For most South High School Rebelettes, longtime drill team adviser Linda Sargent will just be remembered as “The Sarge.”
On Tuesdays during dance rehearsal, Sargent was scrupulous. No stray hairs could peek out from underneath the Rebelette caps, uniforms had to be pressed and dancers couldn't make missteps.
She demanded military precision, and anybody who didn’t give it would be barred from the field at halftime during Friday night games.
“Rebelettes are more than cheerleaders, more than anything. It was the thing to be,” South High Principal and former Rebelette Connie Grumling said Wednesday. “There's not very many people that have those high expectations that you still want to perform for.”
Sargent, who served as adviser to the Rebelettes for more than a decade through the 1960s and held a host of other positions throughout the Kern High School District during a nearly 30-year career there, died Dec. 29 from complications following a cardiac arrest. She was 74.
Family and friends are celebrating her life this week.
Sargent was born July 28, 1941, in Brookville, Ohio, where she had three brothers, Larry, Terry and Jess Fogleman. After graduating from Bowling Green State University in 1963, Sargent moved to Bakersfield to teach physical education at South High.
She later received her master’s degree from UCLA.
After marrying Michael Sargent of Bakersfield in 1963, Sargent had two daughters, Staci McLean, now of Arroyo Grande, and Shawna Silva of Bakersfield. The Sargents divorced in 1976.
Sargent embraced her military nickname, cruising around town in a 1970s van she picked up during a trip to her hometown. She called it the Gray Ghost. It was bedazzled with shag carpeting, a sink, a custom airbrushed painting of a pirate ship sprawled across the side and, of course, the license plate reading “L SARGE.”
It became a regular fixture at Friday night games, Shawna Silva said.
“Everybody knew her from that van,” said Silva, who described her mother as having a no-nonsense, straight-to-the-point demeanor.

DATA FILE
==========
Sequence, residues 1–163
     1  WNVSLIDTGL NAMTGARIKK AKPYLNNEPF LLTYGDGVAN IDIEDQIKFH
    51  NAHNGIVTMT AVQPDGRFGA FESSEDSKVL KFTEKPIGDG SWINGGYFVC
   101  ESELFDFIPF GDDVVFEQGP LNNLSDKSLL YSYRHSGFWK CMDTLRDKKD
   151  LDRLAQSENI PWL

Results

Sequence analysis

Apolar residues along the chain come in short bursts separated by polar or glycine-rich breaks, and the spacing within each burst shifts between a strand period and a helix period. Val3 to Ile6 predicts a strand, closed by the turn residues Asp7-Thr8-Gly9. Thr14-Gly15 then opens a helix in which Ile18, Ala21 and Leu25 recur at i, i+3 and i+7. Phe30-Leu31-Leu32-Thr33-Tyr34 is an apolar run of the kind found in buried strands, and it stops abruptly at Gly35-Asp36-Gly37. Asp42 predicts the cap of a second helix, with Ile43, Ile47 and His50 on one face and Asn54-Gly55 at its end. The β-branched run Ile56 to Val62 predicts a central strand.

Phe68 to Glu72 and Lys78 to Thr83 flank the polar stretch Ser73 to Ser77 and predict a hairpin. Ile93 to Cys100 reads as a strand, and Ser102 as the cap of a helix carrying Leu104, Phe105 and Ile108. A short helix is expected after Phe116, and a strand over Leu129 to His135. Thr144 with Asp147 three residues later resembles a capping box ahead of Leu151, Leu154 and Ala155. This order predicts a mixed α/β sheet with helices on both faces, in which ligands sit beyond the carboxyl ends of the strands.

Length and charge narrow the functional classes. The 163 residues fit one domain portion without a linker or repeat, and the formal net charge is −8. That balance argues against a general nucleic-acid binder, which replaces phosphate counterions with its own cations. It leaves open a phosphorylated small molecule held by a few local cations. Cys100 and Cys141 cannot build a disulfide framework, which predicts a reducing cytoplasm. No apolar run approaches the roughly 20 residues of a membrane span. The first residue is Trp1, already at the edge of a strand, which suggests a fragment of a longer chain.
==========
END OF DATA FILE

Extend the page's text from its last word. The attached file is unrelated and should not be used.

Even years after selling the van, she kept the license plate and smacked it on her Lexus, which she drove to her grandkids’ soccer games that she would frequently, if not religiously, attend.
After retiring as the curriculum coordinator for physical education and health at the Kern County Superintendent of Schools office, a post she held for 14 years until 2003, Sargent became a state consultant. She helped craft anti-bullying programs and crisis-response training, worked with at-risk youth and assisted in forging a relationship between schools and law enforcement.
“She really became the guru of safe schools education,” Grumling said.
And if things weren't done to her standard, administrators heard about it.
Like the time some bullies picked on Sargent’s grandson because he came to school with a cast on his arm.
“My mom, being who she was, went right down there and said, ’Where’s your bullying program?'” Silva recalled.
Although Sargent was known on the field for her steadfast dedication to perfection, she had a soft side, routinely aiding those in need.
On more than one occasion, Sargent opened her doors to students going through family crises at home, giving them a place to live. Another time, she offered her home to a senior desperate to graduate at South High, despite her family moving to Texas mid-year, friends said.
“Linda would step in and help the students succeed,” said Grumling, a former Sargent student who said she was inspired by her leadership. “She was a role model to many of us, and females especially who maybe didn't have the confidence to believe they could go on and be the leader of something like she was.”
Sargent is survived by her two daughters; son-in-law Brian McLean and grandson Nathaniel; son-in-law Jose Silva and grandchildren Brenden and Kiersten; and her brother Jess Fogleman and his family.
A memorial service is scheduled for 11 a.m. Friday at St. Francis Church, 900 H St., with a celebration of life to follow at the Woman’s Club, 2030 18th St.